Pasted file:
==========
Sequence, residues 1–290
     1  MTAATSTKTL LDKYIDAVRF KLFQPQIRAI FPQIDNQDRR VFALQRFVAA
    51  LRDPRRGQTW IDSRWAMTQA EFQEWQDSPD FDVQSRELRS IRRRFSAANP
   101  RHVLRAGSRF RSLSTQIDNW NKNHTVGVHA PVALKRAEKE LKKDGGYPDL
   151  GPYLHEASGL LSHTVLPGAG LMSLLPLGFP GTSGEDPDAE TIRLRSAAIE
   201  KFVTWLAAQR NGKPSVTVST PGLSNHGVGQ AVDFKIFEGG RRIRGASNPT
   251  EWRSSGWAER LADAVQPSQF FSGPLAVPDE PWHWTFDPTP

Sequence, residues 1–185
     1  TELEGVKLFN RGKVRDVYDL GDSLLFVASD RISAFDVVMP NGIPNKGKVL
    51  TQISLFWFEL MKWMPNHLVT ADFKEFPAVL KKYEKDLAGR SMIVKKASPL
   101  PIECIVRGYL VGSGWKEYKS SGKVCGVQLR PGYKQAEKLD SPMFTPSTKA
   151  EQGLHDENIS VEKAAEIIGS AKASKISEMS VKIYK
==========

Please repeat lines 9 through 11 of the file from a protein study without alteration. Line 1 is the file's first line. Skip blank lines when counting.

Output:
     1  TELEGVKLFN RGKVRDVYDL GDSLLFVASD RISAFDVVMP NGIPNKGKVL
    51  TQISLFWFEL MKWMPNHLVT ADFKEFPAVL KKYEKDLAGR SMIVKKASPL
   101  PIECIVRGYL VGSGWKEYKS SGKVCGVQLR PGYKQAEKLD SPMFTPSTKA